The inequalities and inequities that housing markets generate have become a cross-national issue in the last decade or so. In Australia, the UK and the US, discussions of “Generation Rent” have taken centre stage.
In the generational debate, older, asset-wealthy owner-occupiers advantaged by previously more stable lending conditions and historic house price trends have been pitted against younger cohorts. The latter have been priced out of the home buyers’ market and pushed into rental housing in ostensible perpetuity.
Evidence of just what “Generation Rent” is and, more importantly, why it matters have, however, been somewhat fuzzier.
Economies and security built on housing
One reason declining access to home ownership for younger people is of such concern is that housing is much more than housing. The wealth accumulated in our homes over our lifetimes has come to represent economic security and a means to live more comfortably in old age.
It’s seen as a buffer in times of hardship – buying a home is an implicit part of the welfare system in many contexts.
Governments have largely nurtured this. They often support or even fund the growth of home ownership and protect property value increases. It has become increasingly evident, however, that this approach to housing markets as a kind of welfare policy has fundamental limitations.
For one thing, the global financial crisis of almost a decade ago demonstrated how deeply rooted and transnational housing finance has become. A welfare system that relies on home ownership in a globalised era is thus critically vulnerable.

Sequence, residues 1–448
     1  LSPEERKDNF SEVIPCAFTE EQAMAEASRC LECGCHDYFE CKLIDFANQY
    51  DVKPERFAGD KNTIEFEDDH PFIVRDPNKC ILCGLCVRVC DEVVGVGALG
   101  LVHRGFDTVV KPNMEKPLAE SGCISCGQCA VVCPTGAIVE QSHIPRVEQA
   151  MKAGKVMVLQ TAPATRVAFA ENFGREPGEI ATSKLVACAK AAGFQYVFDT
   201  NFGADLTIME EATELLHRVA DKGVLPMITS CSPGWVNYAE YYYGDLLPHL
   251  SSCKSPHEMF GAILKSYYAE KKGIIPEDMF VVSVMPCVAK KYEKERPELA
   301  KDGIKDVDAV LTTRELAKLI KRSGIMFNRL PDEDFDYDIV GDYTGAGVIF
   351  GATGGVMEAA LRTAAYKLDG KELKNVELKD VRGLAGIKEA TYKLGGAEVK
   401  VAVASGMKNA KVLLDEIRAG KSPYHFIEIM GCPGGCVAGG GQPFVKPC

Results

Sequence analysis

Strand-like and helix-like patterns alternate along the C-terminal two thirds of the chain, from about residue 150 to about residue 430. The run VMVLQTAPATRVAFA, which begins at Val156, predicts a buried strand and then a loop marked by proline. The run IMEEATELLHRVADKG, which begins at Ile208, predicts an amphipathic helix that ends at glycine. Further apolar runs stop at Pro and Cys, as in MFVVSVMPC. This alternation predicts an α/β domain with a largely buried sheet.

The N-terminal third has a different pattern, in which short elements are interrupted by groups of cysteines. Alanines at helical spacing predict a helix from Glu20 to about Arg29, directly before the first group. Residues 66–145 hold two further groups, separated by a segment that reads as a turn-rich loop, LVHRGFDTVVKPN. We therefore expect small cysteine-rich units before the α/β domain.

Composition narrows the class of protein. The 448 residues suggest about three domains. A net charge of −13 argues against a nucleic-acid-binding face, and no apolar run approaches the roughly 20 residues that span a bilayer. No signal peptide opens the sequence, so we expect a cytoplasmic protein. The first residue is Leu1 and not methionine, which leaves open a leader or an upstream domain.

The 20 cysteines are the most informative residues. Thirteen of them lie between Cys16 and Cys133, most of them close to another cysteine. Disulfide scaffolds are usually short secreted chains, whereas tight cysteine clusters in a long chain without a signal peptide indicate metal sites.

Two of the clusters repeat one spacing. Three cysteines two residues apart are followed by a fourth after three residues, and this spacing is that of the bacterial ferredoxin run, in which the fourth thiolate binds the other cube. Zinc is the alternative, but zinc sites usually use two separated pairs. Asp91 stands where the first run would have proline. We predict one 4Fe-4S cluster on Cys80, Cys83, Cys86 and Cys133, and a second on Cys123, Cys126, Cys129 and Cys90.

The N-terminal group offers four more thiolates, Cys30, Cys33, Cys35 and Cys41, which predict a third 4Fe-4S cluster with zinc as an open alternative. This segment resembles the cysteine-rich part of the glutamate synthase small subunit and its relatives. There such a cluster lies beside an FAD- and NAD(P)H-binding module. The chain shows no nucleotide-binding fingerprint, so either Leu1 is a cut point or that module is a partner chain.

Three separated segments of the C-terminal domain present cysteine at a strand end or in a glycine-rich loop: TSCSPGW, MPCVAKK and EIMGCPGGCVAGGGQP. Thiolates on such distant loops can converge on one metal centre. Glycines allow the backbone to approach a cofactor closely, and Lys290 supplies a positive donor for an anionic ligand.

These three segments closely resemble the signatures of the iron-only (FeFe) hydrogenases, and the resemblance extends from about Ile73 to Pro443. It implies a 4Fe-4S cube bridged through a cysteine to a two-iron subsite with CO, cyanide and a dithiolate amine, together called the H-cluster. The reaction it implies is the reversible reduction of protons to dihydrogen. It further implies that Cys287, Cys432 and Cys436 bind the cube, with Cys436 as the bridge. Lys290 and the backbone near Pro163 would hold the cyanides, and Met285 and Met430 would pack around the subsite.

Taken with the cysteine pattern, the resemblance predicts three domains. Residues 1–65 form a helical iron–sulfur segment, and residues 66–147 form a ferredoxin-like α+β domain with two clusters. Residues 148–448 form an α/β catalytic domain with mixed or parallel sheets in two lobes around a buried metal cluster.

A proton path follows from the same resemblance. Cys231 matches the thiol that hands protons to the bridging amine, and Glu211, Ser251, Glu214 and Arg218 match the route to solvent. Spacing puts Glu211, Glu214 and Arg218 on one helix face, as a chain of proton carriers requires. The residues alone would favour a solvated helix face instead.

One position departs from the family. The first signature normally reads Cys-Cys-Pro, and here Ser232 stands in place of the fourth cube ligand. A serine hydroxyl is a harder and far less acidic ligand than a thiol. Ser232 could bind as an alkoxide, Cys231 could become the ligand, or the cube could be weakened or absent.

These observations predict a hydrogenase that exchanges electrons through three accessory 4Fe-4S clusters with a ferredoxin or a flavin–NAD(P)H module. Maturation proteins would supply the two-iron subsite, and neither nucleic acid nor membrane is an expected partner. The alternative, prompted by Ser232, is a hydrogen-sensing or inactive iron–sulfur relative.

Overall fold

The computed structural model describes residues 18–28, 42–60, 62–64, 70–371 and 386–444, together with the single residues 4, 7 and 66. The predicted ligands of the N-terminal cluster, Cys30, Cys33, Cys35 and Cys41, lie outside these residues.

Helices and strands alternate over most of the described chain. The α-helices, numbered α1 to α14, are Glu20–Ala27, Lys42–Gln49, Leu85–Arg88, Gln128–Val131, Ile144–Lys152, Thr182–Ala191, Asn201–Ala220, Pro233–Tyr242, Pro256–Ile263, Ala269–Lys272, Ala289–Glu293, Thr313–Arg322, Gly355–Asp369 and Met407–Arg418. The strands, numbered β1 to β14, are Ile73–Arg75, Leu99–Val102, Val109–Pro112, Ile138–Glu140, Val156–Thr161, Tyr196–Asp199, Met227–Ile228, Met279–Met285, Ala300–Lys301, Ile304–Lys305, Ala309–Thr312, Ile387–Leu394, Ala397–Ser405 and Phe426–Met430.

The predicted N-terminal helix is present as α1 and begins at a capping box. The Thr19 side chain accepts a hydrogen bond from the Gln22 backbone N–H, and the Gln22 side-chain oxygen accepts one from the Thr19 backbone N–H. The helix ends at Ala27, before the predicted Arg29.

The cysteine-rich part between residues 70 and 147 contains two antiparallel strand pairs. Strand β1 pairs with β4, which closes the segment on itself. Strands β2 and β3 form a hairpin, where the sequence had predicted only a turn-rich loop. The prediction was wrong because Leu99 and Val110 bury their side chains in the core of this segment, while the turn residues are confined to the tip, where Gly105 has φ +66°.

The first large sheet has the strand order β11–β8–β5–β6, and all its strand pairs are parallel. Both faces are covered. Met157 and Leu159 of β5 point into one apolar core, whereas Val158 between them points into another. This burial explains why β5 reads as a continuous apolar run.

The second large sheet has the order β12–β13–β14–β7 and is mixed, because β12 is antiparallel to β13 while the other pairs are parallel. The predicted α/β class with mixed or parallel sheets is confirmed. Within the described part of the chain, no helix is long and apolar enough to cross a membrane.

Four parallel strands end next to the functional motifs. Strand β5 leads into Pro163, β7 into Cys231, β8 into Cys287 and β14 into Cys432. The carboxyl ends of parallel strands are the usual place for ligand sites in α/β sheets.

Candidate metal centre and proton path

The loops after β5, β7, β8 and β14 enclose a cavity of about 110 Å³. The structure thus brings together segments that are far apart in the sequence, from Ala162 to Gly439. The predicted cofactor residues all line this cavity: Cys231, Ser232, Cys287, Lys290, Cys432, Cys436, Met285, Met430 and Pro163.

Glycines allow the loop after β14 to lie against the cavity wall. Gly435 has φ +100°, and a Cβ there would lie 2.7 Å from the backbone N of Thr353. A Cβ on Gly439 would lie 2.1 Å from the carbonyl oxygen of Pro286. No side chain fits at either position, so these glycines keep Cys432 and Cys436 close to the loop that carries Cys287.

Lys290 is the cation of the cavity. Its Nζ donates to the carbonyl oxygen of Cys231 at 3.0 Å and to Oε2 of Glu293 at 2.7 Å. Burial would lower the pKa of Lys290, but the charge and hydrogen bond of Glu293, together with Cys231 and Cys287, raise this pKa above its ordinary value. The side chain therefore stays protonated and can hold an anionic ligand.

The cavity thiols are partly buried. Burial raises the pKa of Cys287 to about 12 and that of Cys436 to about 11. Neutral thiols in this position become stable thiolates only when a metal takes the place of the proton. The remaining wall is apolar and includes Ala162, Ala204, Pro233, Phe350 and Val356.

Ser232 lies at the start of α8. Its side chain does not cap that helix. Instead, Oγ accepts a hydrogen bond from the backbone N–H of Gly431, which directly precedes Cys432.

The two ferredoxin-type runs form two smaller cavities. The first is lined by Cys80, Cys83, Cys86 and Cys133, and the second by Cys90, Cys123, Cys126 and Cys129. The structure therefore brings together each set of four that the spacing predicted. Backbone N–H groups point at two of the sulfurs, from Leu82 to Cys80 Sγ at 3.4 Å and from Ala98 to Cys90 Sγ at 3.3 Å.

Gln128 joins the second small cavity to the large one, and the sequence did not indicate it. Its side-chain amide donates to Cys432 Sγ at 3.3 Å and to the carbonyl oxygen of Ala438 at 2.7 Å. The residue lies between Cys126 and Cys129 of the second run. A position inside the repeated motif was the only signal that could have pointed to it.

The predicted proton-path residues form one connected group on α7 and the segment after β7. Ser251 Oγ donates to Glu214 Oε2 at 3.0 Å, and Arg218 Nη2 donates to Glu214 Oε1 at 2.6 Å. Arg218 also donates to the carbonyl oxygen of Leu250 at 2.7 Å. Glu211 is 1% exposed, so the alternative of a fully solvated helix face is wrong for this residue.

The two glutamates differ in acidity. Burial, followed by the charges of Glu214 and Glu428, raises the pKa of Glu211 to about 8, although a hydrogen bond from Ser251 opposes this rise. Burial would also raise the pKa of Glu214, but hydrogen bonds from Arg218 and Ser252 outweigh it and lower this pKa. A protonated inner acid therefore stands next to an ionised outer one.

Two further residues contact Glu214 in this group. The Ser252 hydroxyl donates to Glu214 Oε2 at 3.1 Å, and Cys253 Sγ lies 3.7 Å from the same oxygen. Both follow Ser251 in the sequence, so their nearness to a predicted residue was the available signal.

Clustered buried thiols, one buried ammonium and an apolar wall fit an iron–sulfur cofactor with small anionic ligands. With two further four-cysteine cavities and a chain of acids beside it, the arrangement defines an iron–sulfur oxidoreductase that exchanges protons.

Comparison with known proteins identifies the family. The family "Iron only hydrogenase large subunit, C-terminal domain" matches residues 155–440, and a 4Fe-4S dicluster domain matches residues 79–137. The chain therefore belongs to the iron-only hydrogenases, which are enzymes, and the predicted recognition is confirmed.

Although property markets work at a local level, global capital has become increasingly intrusive. Investment purchases are financed from around the world. While our homes function as our family savings accounts, housing now also serves as safety deposit boxes for transnational middle classes and wealthy elites.
The global financial crisis also illustrated that the very conditions that may require home owners to draw on their property assets as an economic buffer are likely to undermine their value and make them difficult to access when needed.
Since the crisis, housing has again become an overwhelming focus of investment, sustained by quantitative easing, weaker financial markets, and low interest rates. This is driving renewed inflation in house prices, especially in global cities, with overflows downwards and outwards.
Listen: Are you living a lavish life of daily brunches? No wonder you can’t buy a house.
Divide grows between owners and renters
Buying a home is now well beyond the capacity of many among the increasingly vulnerable cohorts of younger people. They have also faced reduced job security, subdued wage rises, and diminishing access to credit.
As a result, home ownership rates across English-speaking societies, but also elsewhere, have fallen significantly, driven by the collapse in home buying among millennials.